(Also don’t change between food brands/types quickly or frequently. That can cause a loose stool as well.)

      HTH!!

    2. Ask a Manager Post author

      Don’t take away her food — maybe that’s helpful for older cats, but I can’t imagine that’s good for a kitten. Definitely don’t do it without your vet’s okay, at least! I’d just wait it out and keep giving her the same type of food consistently (this isn’t the time for variety). And I second all of BabyAttorney’s excellent advice too.

    3. Perse's Mom

      Don’t take her food away. Keep clean, fresh water available at all times, along with wet (canned) food. If she likes what you’re feeding her, stay on that. Diarrhea in and of itself isn’t a huge threat, so long as her appetite is keeping up with the fluid loss. If her appetite starts to drop and/or she starts to turn lethargic while the diarrhea continues, she should really go back to the vet. Not to be alarmist, but if kittens go south, they go south fast.

      There are a number of things that can cause diarrhea – intestinal parasites are only one of them, and chances are good the vet didn’t treat for every possible curable* cause. If she didn’t have a fecal test done last time, ask your vet if you can drop a sample off for that – there are a number of parasites and bacteria that can be found that way. Also keep an eye on her butt. They can get kind of sore or swollen in the back end if the diarrhea is particularly bad.

      *worms or bacteria like giardia and coccidia are curable. However, something like IBD is manageable, but not curable.

    4. Today's anon

      The vet told me to give me elderly cat Smart Water when my she was slightly dehydrated. My cat seems to really like it, although it is a bit expensive.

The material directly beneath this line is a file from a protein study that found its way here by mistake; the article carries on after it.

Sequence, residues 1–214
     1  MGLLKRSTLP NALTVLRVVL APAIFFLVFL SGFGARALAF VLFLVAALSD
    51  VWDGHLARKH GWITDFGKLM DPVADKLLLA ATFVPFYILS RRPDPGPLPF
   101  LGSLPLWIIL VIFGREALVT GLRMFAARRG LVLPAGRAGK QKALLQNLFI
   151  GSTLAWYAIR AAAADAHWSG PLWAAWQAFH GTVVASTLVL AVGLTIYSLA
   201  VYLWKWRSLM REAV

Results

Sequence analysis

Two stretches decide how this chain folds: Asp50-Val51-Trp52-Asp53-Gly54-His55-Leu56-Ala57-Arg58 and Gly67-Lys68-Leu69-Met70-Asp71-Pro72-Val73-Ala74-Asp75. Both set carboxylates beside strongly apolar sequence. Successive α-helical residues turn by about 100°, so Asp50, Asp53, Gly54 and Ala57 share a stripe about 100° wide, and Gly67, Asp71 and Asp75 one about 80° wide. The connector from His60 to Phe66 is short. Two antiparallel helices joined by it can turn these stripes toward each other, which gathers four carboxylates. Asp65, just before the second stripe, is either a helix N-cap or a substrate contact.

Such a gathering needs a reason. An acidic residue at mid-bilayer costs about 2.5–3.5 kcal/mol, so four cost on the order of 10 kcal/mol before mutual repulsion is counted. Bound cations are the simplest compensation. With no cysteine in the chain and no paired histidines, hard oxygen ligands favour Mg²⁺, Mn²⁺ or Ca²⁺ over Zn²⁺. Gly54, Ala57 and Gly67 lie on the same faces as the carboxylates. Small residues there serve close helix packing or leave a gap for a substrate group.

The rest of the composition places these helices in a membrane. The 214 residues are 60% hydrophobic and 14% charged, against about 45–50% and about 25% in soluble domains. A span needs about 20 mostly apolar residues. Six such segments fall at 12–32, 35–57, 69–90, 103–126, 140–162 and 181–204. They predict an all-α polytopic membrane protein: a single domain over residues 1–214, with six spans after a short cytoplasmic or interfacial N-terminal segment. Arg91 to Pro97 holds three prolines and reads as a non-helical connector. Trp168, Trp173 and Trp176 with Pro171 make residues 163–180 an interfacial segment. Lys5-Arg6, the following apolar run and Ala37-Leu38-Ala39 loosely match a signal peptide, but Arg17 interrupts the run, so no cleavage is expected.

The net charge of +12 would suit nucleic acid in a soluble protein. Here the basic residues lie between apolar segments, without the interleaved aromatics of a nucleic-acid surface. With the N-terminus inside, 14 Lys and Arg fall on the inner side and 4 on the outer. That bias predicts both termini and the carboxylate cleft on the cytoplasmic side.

1. Not So NewReader

        Smart water is a great idea. The runs are causing the kitten to lose minerals and Smart Water will replace those minerals. If her muscles ache, (no real way to know if the muscles ache) this will help her feel better, too.
        A good idea for humans suffering from the same problem, too.

    5. CA Admin

      Have you tried animal probiotics? It can help with diarrhea. Also adding canned pumpkin can help with upset stomach and runny stool.

  21. Leeza

    I loved all of Richard Russo’s books. They’re all set in quirky towns filled with quirky characters. Empire Falls is my favorite.

    1. Tennessee

      Which would be best to read first? Empire Falls or something else? I’ve been looking for something new and this looks interesting.

  22. bassclefchick

    Speaking of SPOILERS….let’s discuss them! Will be speaking about DOWNTON ABBEY (DA), GAME OF THRONES (GoT), and DOCTOR WHO (DW)…SPOILERS WILL BE HERE, PROCEED WITH CAUTION!!!

    OK, now that I have the warnings out of the way….A few weeks ago, someone posted that they saw the current episode of Doctor Who, it made them cry and they had started to like a certain character. Lots of people got mad at her for posting a “spoiler” without warning that there would be a spoiler.

    So, what I want to discuss is..what do you consider a “spoiler”?! All she said was “this episode made me cry and I’m starting to like this character”. I had already seen the episode, so I didn’t think that was so much of a spoiler. Plenty of Doctor Who episodes have made me cry (I’m looking at YOU space whale episode, and second OOD episode). And there have also been episodes that have made me like a character more. But it didn’t go into plot details, so I don’t think it was a spoiler.

    Now, if you want spoilers, it’s not like she said “OMG Matthew Crawley died”! Or “HOLY CRAP, who killed Joffrey Lannister”?! THOSE were spoilers at the time. Personally, I didn’t even start watching DA until season 4. So, what happened to Matthew was already established and spoiled everywhere. I went in knowing what was going to happen to him and that’s on me. Same with GoT. I just binged the whole thing…..after season 5 already aired. So the Red Wedding and Joffrey’s death were all over the internet.